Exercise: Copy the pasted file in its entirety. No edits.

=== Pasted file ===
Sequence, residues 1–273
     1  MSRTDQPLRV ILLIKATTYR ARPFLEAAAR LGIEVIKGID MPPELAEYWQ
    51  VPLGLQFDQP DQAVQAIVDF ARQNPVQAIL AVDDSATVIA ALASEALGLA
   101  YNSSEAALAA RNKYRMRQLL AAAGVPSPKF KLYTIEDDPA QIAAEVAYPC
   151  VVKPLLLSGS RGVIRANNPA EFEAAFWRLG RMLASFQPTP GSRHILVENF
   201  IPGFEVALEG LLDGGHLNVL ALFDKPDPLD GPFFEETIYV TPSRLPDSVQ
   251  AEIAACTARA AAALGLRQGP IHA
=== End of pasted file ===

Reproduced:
Sequence, residues 1–273
     1  MSRTDQPLRV ILLIKATTYR ARPFLEAAAR LGIEVIKGID MPPELAEYWQ
    51  VPLGLQFDQP DQAVQAIVDF ARQNPVQAIL AVDDSATVIA ALASEALGLA
   101  YNSSEAALAA RNKYRMRQLL AAAGVPSPKF KLYTIEDDPA QIAAEVAYPC
   151  VVKPLLLSGS RGVIRANNPA EFEAAFWRLG RMLASFQPTP GSRHILVENF
   201  IPGFEVALEG LLDGGHLNVL ALFDKPDPLD GPFFEETIYV TPSRLPDSVQ
   251  AEIAACTARA AAALGLRQGP IHA